Women bear the brunt of climate change, but they are the world’s best bet in the fight for a clean, healthy, and sustainable planet. Heat waves, droughts, rising sea levels, and extreme storms disproportionately affect women.
Stressing on the need to support women’s participation in climate negotiations and strengthen gender-response policy development ,and to raise awareness of gender and climate change issues.
Women are over represented as heads of low-income households and under represented in high-income groups. In this respect, income levels play a role in CO2 emissions: the higher the income, the higher the emissions from larger houses with more electrical equipment, bigger cars and so on.
Climate change poses a risk for millions. However, women are the most vulnerable to its negative consequences
Climate change and environmental degradation represent a great threat to poverty reduction and to achieving the SDGs. They impact health, food security, nutrition, production, and people’s earnings.
Climate change is a planetary phenomenon that will impact all countries, but its effects are being shaped by pervasive and entrenched gender inequality, That’s because women are more likely to live in poverty than men, have less access to basic human rights like the ability to freely move and acquire land, and face systematic violence that escalates during periods of instability.
Yet given their traditional roles in agricultural production, and as the procurers of water, cooking fuel, and other household resources, women are not only well suited to find solutions to prevent further degradation and adapt to the changing climate – they have a vested interest in doing so.
The first step towards tackling the challenges of climate change is empowering women to safeguard the environment.
Climate change is making it harder to manage household responsibilities like cooking, cleaning, gathering resources, and caring for children, especially in remote rural communities.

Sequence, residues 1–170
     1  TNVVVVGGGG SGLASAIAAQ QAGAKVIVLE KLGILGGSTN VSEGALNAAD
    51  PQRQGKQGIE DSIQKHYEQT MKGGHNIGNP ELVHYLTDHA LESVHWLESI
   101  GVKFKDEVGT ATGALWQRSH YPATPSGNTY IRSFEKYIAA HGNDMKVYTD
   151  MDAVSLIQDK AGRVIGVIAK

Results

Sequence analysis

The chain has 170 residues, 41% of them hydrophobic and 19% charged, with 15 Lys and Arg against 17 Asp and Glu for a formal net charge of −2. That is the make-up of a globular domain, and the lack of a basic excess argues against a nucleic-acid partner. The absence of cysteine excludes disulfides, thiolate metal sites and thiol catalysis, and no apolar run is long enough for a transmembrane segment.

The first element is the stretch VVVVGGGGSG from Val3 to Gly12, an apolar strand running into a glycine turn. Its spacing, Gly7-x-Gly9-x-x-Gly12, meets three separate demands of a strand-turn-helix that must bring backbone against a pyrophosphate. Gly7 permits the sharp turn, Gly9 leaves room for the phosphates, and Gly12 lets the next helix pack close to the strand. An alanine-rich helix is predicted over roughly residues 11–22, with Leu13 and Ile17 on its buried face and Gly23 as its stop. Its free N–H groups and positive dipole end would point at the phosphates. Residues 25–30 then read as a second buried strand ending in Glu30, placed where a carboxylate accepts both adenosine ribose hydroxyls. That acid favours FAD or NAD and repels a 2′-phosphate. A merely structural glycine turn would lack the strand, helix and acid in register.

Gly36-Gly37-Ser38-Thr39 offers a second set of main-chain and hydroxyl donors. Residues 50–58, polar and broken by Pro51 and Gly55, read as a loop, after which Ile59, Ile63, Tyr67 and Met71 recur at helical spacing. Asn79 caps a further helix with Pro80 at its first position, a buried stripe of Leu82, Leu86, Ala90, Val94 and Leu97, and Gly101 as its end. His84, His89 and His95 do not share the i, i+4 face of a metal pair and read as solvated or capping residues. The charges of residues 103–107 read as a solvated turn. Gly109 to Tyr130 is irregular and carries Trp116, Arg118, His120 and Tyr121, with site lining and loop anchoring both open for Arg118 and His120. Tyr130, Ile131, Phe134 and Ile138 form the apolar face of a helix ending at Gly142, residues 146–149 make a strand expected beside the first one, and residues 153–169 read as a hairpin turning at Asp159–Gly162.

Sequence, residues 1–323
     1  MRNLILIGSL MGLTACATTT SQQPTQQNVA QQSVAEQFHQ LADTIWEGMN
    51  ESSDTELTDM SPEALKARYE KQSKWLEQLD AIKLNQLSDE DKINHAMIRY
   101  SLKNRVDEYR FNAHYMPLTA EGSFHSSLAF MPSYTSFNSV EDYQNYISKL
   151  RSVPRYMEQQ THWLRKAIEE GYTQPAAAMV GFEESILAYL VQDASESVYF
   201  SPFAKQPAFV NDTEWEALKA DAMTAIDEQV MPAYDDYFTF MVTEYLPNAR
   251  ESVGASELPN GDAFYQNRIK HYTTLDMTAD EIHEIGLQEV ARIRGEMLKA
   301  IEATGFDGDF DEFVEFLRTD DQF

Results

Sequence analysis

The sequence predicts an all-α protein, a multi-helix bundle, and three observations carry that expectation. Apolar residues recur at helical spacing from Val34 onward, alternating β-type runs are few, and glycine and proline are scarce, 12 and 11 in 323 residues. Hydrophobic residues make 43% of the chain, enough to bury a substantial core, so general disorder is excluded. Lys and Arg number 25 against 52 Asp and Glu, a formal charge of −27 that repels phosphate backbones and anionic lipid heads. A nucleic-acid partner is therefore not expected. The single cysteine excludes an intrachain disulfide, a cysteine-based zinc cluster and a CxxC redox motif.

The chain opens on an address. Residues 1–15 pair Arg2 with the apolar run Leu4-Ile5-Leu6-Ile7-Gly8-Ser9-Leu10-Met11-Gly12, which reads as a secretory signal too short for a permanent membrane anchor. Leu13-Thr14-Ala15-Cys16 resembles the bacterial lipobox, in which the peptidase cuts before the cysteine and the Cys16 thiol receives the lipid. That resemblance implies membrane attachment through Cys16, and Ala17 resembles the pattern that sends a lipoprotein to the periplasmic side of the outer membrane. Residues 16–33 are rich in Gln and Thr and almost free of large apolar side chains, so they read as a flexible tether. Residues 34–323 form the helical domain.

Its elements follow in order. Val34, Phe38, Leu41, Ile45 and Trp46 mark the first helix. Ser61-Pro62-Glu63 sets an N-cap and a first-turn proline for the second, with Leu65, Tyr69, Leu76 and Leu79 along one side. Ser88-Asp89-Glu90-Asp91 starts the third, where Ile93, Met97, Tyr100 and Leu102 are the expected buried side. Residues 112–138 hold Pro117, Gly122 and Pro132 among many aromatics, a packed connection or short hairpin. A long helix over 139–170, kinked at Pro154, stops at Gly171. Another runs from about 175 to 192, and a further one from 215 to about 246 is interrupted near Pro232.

Climate change could also increase the likelihood of armed conflicts and exacerbate existing conflicts, two possibilities that threaten women’s health, rights, and overall life outcomes.
Displacement also threatens women’s health in a number of gender-specific ways.
Women also have the knowledge and understanding of what is needed to adapt to changing environmental circumstances in order to determine practical solutions.
But women remain a largely untapped resource due to existing biases, including restricted land rights, lack of access to training, technology and financial resources, and limited access to political decision making due to under representation.
Around the world, women lead on the fight against climate change. These leaders have shaped ambitious climate policies and work hard to bring everyone, like more women and girls, in the discussion. Progress on climate change needs more women at the table.
The report, Gender and Climate Change (available here as a PDF), concludes that women are more severely affected by climate change and natural disasters because of their social roles and because of discrimination and poverty.
To make matters worse, they’re also underrepresented in decision-making about climate change, greenhouse gas emissions, and, most critically, discussions and decisions about adaptation and mitigation. From the report: